How to Set Vacation Email Messages

I’ve written elsewhere of the hazard of setting a blanket auto-respond email message in Microsoft Outlook. Many programs and services have ways for you to tweak these settings so that only your contacts—those people in your address book—receive these messages. (This does not remove the chances of revealing information you don’t want to bad guys, but it does significantly reduce it):

Gmail

In Gmail, got to settings

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and then scroll down to vacation responder.

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Make sure you check the button at the bottom of the window Only send a response to people in my contacts.

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Hotmail

in Hotmail, you’ll find the same option in Options/Vacation reply.

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Microsoft Outlook 2007

Outlook has something similar, so long as your account is on the Microsoft Exchange Server (usually meaning you’re on your office network). There you can also select whether the auto-replies go to people outside or inside your organisation, etc:

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Mozilla Thunderbird

There’s no in-built way to do it. Here’s a workaround, explained in more detail here, but it’s not pretty, and it depends on your computer remaining on and connected.

(My thanks to Brett Roberts of Microsoft New Zealand for suggestions.)

Plaxo Moves Into Macland

Plaxo, the software and service that lets you update your contact details with others — and lets them update theirs with you — automatically, is now available for Mac. A press release issued today (thanks, Joseph) says the move “represents a major step toward the company’s vision to offer the first truly universal personal contact management service, accessible on any platform, email client, browser, or mobile device.”

This is an interesting way of putting it. Plaxo has weathered the criticism about privacy concerns — some of them from this humble blog, despite my support for the service as a whole — to expand beyond Microsoft Outlook to America Online, Mozilla Thunderbird, and Outlook Express. Users can also import contacts from their Netscape, Palm, Yahoo! Mail, and Hotmail accounts.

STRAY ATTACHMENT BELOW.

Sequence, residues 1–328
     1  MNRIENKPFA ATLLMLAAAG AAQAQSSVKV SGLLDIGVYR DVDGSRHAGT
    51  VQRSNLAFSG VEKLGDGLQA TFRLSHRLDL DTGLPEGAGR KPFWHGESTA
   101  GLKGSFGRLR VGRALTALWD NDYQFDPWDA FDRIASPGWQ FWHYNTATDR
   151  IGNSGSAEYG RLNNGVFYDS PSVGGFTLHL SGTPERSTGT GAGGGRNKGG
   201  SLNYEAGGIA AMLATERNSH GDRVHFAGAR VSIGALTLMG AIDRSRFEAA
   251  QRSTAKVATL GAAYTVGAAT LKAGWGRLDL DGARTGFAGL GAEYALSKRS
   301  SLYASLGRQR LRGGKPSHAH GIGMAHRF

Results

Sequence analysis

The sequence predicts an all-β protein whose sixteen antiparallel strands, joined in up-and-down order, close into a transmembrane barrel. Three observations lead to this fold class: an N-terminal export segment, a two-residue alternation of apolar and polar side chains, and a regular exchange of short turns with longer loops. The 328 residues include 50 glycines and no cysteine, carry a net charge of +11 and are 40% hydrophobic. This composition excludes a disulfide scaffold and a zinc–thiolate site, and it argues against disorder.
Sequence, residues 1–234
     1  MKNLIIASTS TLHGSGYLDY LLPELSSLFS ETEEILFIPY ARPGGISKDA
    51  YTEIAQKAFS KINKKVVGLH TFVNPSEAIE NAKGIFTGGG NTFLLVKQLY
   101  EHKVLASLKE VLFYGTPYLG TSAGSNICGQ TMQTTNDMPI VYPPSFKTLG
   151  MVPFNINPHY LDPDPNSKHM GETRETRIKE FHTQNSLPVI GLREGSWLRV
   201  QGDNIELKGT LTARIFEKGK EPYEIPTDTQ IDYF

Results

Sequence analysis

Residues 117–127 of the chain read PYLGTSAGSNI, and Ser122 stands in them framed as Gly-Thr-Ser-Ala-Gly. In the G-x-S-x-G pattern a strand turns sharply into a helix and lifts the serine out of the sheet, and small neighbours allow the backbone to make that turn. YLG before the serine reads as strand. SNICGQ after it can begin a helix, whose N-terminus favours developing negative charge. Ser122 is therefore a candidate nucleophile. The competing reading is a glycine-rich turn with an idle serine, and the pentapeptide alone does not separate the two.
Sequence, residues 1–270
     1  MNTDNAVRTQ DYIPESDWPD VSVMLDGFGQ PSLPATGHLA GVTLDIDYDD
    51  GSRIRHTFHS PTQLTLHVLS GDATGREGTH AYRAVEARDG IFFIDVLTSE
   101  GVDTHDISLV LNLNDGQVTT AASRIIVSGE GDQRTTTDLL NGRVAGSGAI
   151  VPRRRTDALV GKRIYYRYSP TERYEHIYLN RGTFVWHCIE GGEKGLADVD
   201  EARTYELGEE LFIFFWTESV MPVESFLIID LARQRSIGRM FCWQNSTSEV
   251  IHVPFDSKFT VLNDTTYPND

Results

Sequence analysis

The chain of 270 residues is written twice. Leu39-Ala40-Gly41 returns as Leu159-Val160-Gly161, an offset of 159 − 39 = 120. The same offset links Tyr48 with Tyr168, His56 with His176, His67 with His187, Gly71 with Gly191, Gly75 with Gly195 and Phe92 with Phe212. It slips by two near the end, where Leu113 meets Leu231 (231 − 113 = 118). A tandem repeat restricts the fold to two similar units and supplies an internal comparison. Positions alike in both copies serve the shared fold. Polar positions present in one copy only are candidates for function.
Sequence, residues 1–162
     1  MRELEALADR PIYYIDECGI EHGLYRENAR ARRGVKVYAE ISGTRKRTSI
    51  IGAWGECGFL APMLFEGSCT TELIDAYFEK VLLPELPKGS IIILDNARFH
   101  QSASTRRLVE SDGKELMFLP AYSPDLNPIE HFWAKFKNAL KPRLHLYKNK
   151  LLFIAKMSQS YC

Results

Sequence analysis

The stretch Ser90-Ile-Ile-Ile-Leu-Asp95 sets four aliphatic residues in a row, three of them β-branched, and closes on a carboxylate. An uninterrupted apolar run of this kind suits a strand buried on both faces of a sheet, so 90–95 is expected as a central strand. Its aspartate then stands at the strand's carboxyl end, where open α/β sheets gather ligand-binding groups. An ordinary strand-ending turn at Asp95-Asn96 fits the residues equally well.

Like a lot of folk I’m torn over a service like this. On the one hand I can see the obvious benefits: Who better to update the contacts in your address book than the contacts themselves? But on the other hand, how many of the contacts in your address book would be happy that the information is being stored on some company server somewhere, without their knowledge or consent? Then again, that last sentence looks less problematic than it did a year or so back. We’ve heard so many cautionary tales about private data getting lost, stolen or abused maybe we think this kind of thing isn’t important. Now, perhaps, we realise that Plaxo is not really the problem here. The problem lies in those companies deliberating collecting data on individuals, whether they’re ordinary Joes like you and me, or members of the CIA, as the Chicago Tribune recently discovered by searching a commercial online data service.

But I’m not sure that’s the case. The bottom line is complex: We should be as careful with other people’s data as we are with our own. If we don’t want a company to keep details of us we shouldn’t keep details of other people online. Of course, this refers as much to any web-based application or storage tool or networking site.

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Synchronize Outlook with Others

Collaboration is the next big thing for software. Not that people aren’t trying, but I’ve not yet come across something that really solves the problem of people working together, needing to be able to see the same information etc. Here’s a new and quite simple offering that will synchronize your Outlook folders with other internet users:

OLFolderSync can synchronize any Microsoft Outlook folder with anyone else’s (except Drafts, Outbox, Sent Items and Deleted Items). The folders you allow to be synchronized will do so in the background by e-mail. You can easily synchronize Outlook folders through the internet without the need for both parties to be online at the same time.

If you have private data elements on Outlook you can exclude them from the synchronization process. It is also possible to synchronize only objects of a user defined category.

The German company that does this, Somebytes Software, suggests this would be useful for letting your

    • PA add and amend appointments, tasks or other Outlook objects while on the other side of the world.